'Lettie was perfect in every way': Nursery staff who looked after Epsom head's ... trends now
The little girl who was found dead with her parents on the grounds of a prestigious school at the weekend was 'perfect in every way', a woman who used to look after her said last night.
Headteacher Emma Pattison, her husband George and their seven-year-old daughter Lettie were found dead in their home on the school grounds at 1am on Sunday.
Emergency services were called after a staff member at the award-winning independent school reportedly heard gunshots.
Surrey Police, which has reported their deaths to the coroner, said the tragedy was an 'isolated incident' with 'no third-party involvement'.
Chloe Rathbown, 27, a nursery worker who used to look after Lettie, told The Times that she was heartbroken over the death of the seven-year-old.
Emma Pattison, 45, was found dead with her husband George, 39, and seven-year-old daughter Lettie after police were called yesterday. The family is pictured together
Mrs Pattison with her daughter Lettie. The seven-year-old has been described as a 'little angel' and 'perfect in every way' following her death on Sunday morning
'They were such a lovely family and Lettie was perfect in every way.'
John Wildgoose, the photographer who captured the family just last month for the school's announcement of her head-ship, said Lettie was a 'little angel' and that the family had an 'obvious bond' and big plans for the future.
Previous neighbours of the couple described Ms Pattison as a warm presence and said they were shocked to hear of the deaths of a 'normal, happy family'.
One told the Telegraph: 'You used to hear her playing in the garden, she was always asking them questions and just seemed like a happy, inquisitive little girl.'
Another woman who lived locally added that Lettie was particularly fond of her dog: 'She was just a typical, well brought-up, lovely little girl. It's just tragic.'
Surrey Police confirmed that the family's new pet Labrador, Bella, was being looked after by relatives.
Friends of the couple and former business associates of Mr Pattison were too upset to talk when approached by the Mail last night.
Mr Pattison was a 'successful' chartered accountant known by friends for his 'fast cars', though he was said to be 'much quieter' than his wife.
They owned a Range Rover and a BMW 8 series, which were seen parked on the driveway as police conducted enquiries yesterday.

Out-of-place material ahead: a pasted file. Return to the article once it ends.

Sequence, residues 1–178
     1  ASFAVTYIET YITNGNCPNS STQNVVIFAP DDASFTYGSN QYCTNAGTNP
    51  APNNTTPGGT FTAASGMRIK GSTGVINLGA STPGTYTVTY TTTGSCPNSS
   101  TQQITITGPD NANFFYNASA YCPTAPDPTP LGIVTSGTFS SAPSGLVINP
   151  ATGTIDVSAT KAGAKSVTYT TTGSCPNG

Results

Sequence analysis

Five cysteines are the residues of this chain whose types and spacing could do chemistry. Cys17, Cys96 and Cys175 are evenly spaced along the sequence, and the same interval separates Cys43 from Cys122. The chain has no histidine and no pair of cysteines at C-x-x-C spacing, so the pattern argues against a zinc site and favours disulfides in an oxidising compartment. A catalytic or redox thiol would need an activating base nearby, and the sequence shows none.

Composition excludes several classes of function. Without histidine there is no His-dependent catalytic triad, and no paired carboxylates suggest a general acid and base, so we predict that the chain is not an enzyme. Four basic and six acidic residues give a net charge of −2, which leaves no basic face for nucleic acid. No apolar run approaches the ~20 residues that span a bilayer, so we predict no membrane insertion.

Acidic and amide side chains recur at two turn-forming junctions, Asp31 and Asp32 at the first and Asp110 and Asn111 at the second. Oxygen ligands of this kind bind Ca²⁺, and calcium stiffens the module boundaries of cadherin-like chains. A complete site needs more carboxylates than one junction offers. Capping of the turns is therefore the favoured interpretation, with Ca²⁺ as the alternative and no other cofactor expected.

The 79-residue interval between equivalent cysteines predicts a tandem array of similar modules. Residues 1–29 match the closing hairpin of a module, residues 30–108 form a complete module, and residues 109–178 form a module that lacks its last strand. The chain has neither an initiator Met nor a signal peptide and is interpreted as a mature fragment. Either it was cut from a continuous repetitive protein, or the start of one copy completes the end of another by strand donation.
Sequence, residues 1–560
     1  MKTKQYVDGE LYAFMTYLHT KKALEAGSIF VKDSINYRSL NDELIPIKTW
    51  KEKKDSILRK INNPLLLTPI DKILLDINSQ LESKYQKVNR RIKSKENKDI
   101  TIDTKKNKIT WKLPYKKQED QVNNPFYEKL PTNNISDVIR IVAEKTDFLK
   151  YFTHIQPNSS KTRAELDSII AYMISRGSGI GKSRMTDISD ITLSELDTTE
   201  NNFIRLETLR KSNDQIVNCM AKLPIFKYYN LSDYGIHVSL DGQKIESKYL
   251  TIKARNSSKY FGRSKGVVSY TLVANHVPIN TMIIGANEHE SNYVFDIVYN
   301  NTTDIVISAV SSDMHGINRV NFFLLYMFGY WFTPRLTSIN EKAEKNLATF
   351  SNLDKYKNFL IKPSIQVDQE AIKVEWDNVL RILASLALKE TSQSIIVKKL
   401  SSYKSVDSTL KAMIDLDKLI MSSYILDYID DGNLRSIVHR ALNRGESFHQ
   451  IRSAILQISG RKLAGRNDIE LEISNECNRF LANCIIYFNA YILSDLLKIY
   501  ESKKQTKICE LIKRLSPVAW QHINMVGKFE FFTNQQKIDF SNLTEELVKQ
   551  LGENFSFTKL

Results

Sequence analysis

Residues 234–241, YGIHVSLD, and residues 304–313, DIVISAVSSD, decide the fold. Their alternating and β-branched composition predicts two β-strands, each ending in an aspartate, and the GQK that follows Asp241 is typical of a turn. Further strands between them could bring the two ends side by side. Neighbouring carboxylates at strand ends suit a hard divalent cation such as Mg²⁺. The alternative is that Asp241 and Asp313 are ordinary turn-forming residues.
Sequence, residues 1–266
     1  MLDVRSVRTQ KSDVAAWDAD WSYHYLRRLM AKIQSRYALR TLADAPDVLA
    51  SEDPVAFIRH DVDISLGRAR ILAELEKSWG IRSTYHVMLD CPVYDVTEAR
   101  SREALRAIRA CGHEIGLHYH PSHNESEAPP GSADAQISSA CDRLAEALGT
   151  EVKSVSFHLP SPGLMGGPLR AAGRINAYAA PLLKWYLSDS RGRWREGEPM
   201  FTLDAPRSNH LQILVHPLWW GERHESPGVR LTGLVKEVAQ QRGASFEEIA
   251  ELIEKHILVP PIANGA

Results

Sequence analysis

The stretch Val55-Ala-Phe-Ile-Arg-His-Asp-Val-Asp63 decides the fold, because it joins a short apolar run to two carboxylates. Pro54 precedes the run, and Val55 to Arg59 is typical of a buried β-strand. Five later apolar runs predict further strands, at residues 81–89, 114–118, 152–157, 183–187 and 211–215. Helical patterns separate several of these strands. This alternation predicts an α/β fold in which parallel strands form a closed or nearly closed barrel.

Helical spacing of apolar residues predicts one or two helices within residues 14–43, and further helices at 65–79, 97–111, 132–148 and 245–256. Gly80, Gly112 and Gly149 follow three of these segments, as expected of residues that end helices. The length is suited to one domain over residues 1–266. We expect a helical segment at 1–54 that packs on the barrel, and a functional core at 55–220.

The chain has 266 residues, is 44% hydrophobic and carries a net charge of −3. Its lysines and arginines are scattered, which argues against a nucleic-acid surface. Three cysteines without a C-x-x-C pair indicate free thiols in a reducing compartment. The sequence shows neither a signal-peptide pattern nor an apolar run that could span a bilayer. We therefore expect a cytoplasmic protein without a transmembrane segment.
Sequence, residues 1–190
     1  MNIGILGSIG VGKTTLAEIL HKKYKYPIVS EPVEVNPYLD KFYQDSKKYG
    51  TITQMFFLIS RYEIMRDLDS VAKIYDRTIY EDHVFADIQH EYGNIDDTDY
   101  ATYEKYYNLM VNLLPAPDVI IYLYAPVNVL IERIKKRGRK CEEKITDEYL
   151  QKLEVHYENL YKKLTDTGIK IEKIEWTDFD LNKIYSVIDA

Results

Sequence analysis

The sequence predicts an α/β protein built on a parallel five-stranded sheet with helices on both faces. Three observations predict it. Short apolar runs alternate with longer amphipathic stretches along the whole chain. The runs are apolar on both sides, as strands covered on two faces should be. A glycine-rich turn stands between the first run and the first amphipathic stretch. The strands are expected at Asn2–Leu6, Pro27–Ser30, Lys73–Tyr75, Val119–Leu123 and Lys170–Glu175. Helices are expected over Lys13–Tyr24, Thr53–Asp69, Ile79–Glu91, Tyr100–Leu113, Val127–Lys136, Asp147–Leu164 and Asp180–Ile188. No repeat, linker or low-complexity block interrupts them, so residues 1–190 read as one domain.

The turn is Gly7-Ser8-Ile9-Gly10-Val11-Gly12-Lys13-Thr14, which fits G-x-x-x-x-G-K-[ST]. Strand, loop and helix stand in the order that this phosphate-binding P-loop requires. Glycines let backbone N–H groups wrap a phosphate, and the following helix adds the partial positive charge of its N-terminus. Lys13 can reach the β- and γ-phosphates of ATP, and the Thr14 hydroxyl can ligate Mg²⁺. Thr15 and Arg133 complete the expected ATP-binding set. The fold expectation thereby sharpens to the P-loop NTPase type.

The family had recently moved out of their £1.5million Surrey house to live in the sprawling detached Edwardian house in which they were found dead.
They had lived in the four-bedroom property while Mrs Pattison was head teacher at Croydon High School, another prestigious independent school a few miles down the road.
Mrs Pattison was previously the headteacher of Croydon High School and graduated from the University of Leeds
The headteacher, who was described by the parent of a former pupil as 'slight but very formidable', had taken up the role just five months before her death
Epsom, which charges boarders up to £42,000 a year, was the 2022 Independent School of the Year.
Its alumni include BBC presenter Jeremy Vine and BBC Royal Correspondent Nicholas Witchell.
Pupils of the school are understood to have been terrified to return to the college premises where there continues to be a significant police presence.
Parents were told early this week that discussions about temporarily closing the school were ongoing.
It is unlikely that the site will close completely as the school has students from abroad.
A service was held for Ms Pattison and her family on Monday and the school offered its condolences in a statement.
A source told The Telegraph a member of staff called 999 on Sunday morning after hearing gunshots in the school.
But police have confirmed that the gun range, despite being a stone's throw away from the family home, is 'not part of the crime scene'.